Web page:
Dive “Into Africa”—the work of one of National Geographic’s most prolific and visionary nature photographers, Frans Lanting.
In collaboration with the World Wildlife Fund, the Smithsonian Institution, and organized and traveled by the National Geographic Society, “Into Africa” immerses us into the wonders of African landscapes via Lanting’s lens. Learn what’s at stake for its wildlife and wild places.
Virtually experience the show below, including a video tour and a special behind-the-scenes video from Frans Lanting and Chris Eckstrom. Hover to pause the slideshow. Use left and right arrows to navigate.
The continent where humankind was born has challenged me, taught me, and nourished my spirit for much of my life.
For more than 30 years, I have traveled in and out of Africa, on assignment for National Geographic as well as on personal quests. For its landscapes that evoke scenes from another time, the animals who accepted me into their lives, and the people who have guided me—for all those reasons, Africa will always resonate with my soul.
I have been privileged to document the wild places and wild creatures shown in this exhibition, and to share the results of my work with people who may never have the chance to crouch before elephants at a water hole or roam with lions through the night.
This continent has given me many gifts and I offer them here to you. I will continue to return, and be humbled by all that Africa reveals.
– Frans Lanting
Chris Eckstrom reveals previously undocumented behavior of chimps. Chimps were thought to avoid water, but here male chimps are shown gathering to drink and rest in the water. Observe a young chimp gaining self-awareness in the moment, as she interacts with her reflection.
While tracking cheetahs in East Africa, I learned that males live longer when they band together. I became acquainted with a coalition of three brothers known as the Honey’s Boys who operated in a portion of Kenya’s Masai Mara visited by many tourists. These males grew up in public, and have been photographed countless times. They act like stars – and they are.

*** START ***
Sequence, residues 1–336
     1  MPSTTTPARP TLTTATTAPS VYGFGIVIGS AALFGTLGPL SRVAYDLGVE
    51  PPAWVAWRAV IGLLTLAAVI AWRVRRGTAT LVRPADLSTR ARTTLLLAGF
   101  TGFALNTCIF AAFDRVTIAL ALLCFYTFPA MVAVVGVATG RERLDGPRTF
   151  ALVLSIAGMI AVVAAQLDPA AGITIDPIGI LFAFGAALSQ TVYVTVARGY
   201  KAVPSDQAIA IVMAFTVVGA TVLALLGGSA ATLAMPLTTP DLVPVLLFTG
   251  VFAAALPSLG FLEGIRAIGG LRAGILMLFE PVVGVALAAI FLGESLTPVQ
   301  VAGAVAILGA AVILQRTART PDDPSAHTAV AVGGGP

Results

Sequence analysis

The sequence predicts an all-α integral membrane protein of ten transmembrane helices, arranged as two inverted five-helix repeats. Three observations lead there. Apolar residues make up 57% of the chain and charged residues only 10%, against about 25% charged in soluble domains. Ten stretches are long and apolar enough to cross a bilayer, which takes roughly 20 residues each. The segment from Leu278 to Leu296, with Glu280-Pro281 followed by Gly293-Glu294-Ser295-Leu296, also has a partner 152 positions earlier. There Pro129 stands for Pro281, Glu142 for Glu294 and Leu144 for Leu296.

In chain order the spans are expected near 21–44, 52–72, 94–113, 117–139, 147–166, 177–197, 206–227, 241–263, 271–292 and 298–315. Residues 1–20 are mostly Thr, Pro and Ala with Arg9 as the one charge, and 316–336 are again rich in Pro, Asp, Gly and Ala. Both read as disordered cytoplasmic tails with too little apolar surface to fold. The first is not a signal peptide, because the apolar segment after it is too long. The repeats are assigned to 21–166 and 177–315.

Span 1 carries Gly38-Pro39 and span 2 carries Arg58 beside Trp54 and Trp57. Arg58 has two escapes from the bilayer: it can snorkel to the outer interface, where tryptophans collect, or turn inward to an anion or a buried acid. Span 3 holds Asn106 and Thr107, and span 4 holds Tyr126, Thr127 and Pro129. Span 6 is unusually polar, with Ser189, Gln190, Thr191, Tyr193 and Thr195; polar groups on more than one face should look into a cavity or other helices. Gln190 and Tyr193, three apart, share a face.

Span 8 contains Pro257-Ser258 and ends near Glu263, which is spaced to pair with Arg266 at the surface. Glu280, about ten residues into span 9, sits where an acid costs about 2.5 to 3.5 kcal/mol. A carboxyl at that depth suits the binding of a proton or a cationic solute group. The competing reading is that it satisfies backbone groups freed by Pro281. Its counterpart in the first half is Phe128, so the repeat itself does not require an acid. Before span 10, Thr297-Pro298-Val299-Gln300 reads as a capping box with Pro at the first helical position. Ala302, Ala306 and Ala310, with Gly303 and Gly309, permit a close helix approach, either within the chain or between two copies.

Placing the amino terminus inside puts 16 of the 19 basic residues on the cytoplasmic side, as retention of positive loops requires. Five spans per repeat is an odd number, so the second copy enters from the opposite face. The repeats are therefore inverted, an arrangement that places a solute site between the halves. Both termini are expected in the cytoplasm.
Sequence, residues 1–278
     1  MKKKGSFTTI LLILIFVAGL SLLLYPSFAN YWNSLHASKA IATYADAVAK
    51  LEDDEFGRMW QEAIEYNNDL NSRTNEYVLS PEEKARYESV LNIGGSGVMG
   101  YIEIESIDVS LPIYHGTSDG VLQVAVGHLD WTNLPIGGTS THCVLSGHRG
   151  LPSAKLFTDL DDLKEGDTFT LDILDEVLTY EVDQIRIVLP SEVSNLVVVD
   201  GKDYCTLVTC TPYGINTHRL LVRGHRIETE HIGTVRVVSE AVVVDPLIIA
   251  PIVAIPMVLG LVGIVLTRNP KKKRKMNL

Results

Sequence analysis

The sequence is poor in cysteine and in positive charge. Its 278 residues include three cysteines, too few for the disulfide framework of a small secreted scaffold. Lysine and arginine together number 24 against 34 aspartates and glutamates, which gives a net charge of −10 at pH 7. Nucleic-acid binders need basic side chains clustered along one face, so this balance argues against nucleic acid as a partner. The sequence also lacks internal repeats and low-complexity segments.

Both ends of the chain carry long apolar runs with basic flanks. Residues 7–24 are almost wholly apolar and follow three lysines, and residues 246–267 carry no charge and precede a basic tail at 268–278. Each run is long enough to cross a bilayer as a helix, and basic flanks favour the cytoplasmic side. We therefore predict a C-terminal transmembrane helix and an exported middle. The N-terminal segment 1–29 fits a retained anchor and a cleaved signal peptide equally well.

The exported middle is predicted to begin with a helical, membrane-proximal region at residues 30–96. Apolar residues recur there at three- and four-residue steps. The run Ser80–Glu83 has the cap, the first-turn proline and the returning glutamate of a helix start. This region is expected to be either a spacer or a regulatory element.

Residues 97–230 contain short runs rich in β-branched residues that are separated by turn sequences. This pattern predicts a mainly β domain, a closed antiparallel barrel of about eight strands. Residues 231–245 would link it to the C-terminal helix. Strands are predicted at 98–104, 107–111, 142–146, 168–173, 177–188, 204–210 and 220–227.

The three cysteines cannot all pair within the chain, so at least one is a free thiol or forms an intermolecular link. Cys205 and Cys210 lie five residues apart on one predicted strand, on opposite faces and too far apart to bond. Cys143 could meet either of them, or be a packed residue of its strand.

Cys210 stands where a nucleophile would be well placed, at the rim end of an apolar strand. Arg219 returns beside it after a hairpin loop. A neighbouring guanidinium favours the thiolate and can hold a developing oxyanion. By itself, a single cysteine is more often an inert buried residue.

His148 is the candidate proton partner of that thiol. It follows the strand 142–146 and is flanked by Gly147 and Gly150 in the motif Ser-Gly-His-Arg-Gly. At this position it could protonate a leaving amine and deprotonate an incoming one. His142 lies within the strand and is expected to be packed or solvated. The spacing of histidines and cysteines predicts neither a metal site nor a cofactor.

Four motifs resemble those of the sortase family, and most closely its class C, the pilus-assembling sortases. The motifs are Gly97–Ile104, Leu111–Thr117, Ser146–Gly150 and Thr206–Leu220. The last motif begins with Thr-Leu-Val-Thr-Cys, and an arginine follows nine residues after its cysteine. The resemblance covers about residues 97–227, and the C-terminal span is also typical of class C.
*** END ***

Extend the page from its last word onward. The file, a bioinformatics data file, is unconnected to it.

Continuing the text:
See Frans and Chris getting into a blind and experience a day of observing the parade of animals that visit this waterhole. Learn to interpret what you’re seeing from this hidden vantage point!
The remarkable preservation efforts you’re able to experience doesn’t happen in a vaccuum. The Beyond Nature section—created especially for this exhibit—reveals the too-often-hidden role of local organizers in Africa. Learn more about their work and share their efforts with others!
Developed by Wildlife Conservation Network for this exhibit, this video features members of three conservation organizations based in Kenya and Uganda. They each speak to the need for local human populations to lead the conservation efforts in their regions.
Learn more about all of the organizations featured in this special expanded version of “Into Africa”:
Serengeti Watch (Tanzania): Building lasting protection of the Serengeti-Mara ecosystem by and for the people of East Africa through a strong coalition of support, advocacy, and funding for the Serengeti ecosystem, the people living around it, and adjacent reserves and protected areas.
Friends of Muonde (Zimbabwe). Backing indigenous innovation in Zimbabwe, working particularly to support community initiatives that connect environment and human wellbeing in the Mazvihwa Communal Area and neighboring regions of Midlands South.
Conservation Through Public Health (Uganda). Promoting biodiversity conservation by enabling people, gorillas, and livestock to coexist through improving their health and livelihoods in and around Africa’s protected areas.
Save the Elephants (Kenya and across Africa). Securing a future for elephants and sustaining the beauty and ecological integrity of the places they live; promoting man’s delight in their intelligence and the diversity of their world; and developing a tolerant relationship between the two species.
Ewaso Lions (Kenya). Conserving lions and other large carnivores by promoting coexistence between people and wildlife through initiatives that engage and build the capacity of key demographic groups (warriors, women, and children), conduct applied research, and carry out educational initiatives.
Women’s Climate Centers International (Uganda and Kenya). Co-creating sustainable solutions with vulnerable communities using indigenous women’s knowledge so that agricultural yields become vigorous, safe drinking water becomes routine, and water-borne disease becomes a part of history.
EcoVet Global (Ethiopia and Tanzania). Bringing a veterinary lens to environmental challenges that affect humans, animals, and ecosystems in order to strengthen the health and resilience of the earth, and the people and animals that share its resources.
Women for Wildlife (South Africa). Building an international movement to support, empower, and unite women and girls around the world who are passionately devoted to wildlife and conservation.
Transition Earth (Uganda). Promoting human rights and nature’s rights in a world of unsustainable population and economic growth, advocating for global systems change to enable the shift to a sustainable planet for all.